What is Cholesterol
Cholesterol and triglycerides are the two main types of fat molecules (lipids) in your body. Cholesterol is a critical component of cell membranes and is needed to produce vitamin D and hormones such as estrogen and substances that aid in food digestion. Triglycerides are a major source of energy.
Your body has two main sources of cholesterol and triglycerides: your liver and your diet. When functioning properly, the liver produces all the cholesterol your body needs. For some people, eating cholesterol-rich foods (animal products) in excess of what your body needs can raise blood cholesterol levels.
High cholesterol levels can result in the creation of fatty deposits that impair the flow of blood through your veins and arteries. Sometimes these deposits can form a clot that can cause a heart attack (an event in which the heart does not receive enough oxygen) or stroke (the brain does not receive enough oxygen). This is why it is essential to lower cholesterol, to either prevent heart disease or prevent further damage following a heart attack.
Triglyceride levels can also become elevated for several reasons, including excess sugar, alcohol, fat, calories, genetics, uncontrolled diabetes, or other medical conditions and medications.
LDL and HDL
Cholesterol and triglycerides travel through the body via the bloodstream, but they need the help of the lipoproteins LDL and HDL, which carry these fat molecules to different destinations. LDL (low-density lipoprotein) is known as the bad cholesterol because it can pass through artery walls and unload cholesterol behind the walls, where it becomes embedded and counterproductive. This is how coronary artery disease begins and progresses.
HDL, or high-density lipoprotein, is known as good cholesterol. It can clear cholesterol from the bloodstream and carry it back to the liver for removal from the body. HDL can also help clear out the cholesterol that LDL leaves sitting behind artery walls.
Optimal lipid levels have low levels of LDL and high levels of HDL.
See this chart below from the Cleveland clinic to understand what your goals for cholesterol should be:
|Total Cholesterol (a measure of HDL, LDL, and other lipoproteins)||
Less than 200 mg/dL
|Triglycerides||Less than 150 mg/dL|
|LDL (Low-density lipoprotein)||Less than 130 mg/dL. Less than 100 md/dL for those with heart or blood vessel disease and for those with diabetes or high total cholesterol|
|HDL (High-density lipoprotein)||Greater than 55 mg/dL (females)
Greater than 45 mg/dL (males)
Symptoms of High Cholesterol
High cholesterol has no symptoms. It can only be detected through a blood test. Your provider will determine how often you need to be screened.
High cholesterol can be hereditary, but it can also be the result of unhealthy habits. Sometimes a change in dietary and exercise habits can reverse cholesterol levels; other times, medication is needed.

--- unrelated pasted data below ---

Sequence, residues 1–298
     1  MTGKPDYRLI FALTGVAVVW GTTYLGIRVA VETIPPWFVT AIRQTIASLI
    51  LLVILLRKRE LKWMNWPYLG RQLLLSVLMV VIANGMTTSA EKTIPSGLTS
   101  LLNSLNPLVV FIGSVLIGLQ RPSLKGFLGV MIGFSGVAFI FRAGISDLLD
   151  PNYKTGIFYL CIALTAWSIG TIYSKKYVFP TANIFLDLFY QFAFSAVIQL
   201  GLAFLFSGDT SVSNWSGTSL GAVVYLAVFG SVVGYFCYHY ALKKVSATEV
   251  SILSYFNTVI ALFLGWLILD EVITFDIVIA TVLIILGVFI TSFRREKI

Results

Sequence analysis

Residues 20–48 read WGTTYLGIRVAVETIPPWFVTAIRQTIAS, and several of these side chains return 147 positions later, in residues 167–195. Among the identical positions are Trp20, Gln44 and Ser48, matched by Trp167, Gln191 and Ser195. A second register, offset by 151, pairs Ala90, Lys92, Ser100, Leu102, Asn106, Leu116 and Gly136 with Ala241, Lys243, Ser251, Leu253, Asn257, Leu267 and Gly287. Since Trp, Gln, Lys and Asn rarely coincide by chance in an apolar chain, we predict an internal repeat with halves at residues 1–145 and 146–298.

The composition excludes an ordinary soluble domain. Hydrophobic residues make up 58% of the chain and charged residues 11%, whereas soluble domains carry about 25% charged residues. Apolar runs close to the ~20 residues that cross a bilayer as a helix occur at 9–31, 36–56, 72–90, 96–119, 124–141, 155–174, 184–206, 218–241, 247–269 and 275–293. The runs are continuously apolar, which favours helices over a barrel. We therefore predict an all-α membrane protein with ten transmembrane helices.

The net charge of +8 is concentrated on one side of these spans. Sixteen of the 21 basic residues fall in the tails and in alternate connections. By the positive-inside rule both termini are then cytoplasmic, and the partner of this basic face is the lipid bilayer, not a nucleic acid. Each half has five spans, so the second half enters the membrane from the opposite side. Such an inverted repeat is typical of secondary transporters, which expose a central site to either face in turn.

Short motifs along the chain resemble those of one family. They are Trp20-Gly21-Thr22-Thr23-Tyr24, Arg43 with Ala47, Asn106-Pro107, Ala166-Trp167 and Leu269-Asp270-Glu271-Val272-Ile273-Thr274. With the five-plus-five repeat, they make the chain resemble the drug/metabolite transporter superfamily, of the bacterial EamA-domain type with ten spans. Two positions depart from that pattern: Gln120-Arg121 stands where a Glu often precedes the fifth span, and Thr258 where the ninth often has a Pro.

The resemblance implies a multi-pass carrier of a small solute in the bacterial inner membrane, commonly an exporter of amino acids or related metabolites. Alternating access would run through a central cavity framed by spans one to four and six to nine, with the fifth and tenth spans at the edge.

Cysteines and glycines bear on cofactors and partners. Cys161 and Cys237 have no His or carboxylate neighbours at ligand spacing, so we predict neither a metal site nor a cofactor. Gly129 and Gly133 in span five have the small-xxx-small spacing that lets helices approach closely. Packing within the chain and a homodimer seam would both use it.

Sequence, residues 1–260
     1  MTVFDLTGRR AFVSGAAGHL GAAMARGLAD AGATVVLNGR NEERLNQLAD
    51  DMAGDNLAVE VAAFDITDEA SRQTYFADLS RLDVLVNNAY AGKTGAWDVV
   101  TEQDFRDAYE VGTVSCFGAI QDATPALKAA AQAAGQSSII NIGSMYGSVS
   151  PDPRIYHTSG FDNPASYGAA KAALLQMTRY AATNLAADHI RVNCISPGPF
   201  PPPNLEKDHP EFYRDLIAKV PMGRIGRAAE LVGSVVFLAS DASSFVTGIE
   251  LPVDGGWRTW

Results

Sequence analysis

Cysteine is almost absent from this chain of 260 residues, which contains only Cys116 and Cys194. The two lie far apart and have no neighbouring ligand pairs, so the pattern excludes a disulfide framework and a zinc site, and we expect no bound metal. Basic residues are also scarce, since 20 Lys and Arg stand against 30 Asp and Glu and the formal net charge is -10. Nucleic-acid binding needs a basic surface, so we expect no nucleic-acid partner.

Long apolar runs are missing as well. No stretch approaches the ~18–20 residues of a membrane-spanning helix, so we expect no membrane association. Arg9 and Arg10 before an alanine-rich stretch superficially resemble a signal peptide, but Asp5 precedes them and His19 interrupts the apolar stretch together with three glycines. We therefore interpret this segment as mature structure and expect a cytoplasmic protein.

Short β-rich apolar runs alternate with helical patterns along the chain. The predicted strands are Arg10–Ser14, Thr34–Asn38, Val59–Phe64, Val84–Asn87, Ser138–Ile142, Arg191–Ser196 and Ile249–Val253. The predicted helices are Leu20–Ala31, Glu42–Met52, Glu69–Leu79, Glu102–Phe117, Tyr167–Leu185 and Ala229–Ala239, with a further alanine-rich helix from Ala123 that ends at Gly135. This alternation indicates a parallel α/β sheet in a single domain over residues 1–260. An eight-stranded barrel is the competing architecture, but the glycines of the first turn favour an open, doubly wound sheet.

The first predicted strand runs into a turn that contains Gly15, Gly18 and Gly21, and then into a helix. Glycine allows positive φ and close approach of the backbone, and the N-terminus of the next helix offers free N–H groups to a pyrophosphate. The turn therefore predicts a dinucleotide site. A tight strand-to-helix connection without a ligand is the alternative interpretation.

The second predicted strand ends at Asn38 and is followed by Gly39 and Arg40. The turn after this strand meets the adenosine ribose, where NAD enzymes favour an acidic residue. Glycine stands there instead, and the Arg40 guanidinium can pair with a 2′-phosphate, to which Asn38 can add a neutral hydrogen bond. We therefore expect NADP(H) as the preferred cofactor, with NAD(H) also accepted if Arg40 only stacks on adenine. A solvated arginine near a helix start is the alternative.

How to Improve Your Cholesterol Numbers
A combination of lifestyle changes, a healthy diet, regular exercise, and weight loss can all improve your cholesterol numbers.
A heart-healthy diet from the National Cholesterol Education Program called the TLC (therapeutic lifestyle changes) can help lower cholesterol. This is a low-saturated-fat, low-cholesterol diet plan that calls for less than 7 percent of calories from saturated fat and less than 200 mg of dietary cholesterol per day. Maintaining a desirable weight is also key. If your LDL is not lowered enough by reducing your cholesterol and saturated fat intake, you can increase the amount of soluble fiber (like oats, beans, oranges) in your diet to boost your diet’s LDL-lowering power.
Losing weight if you are overweight can help lower LDL. This is especially important for those with a cluster of risk factors that includes high triglycerides and/or low HDL levels and a large waist measurement. Research indicated that women with a waist measurement over 35” and men with a waist measurement over 40” are at greater risk for developing heart disease.
30 minutes of physical activity almost every day is an ideal minimum. Exercise can help raise HDL and lower LDL. Exercise is especially important for those with high triglycerides and/or low HDL levels who are overweight with large waist measurements. Moderate-intensity walking, swimming, or dancing are all good exercise options.
When Lifestyle Changes are not Enough
If you cannot lower your cholesterol level enough through lifestyle changes, your provider may recommend a drug treatment plan to accompany your ongoing healthier habits. There are several types of drugs available to improve cholesterol levels, including statins, bile acid sequestrants, nicotinic acid, fibric acids, and cholesterol absorption inhibitors. Your provider will work with you to determine which type of medication is best for you.
If you are struggling with weight gain and unhealthy lifestyle choices and are concerned about your cholesterol, contact us at Catawba Valley Healthcare for an appointment. We look forward to working with you to get your cholesterol level in the range it should be.
Call us at (828) 695-5900.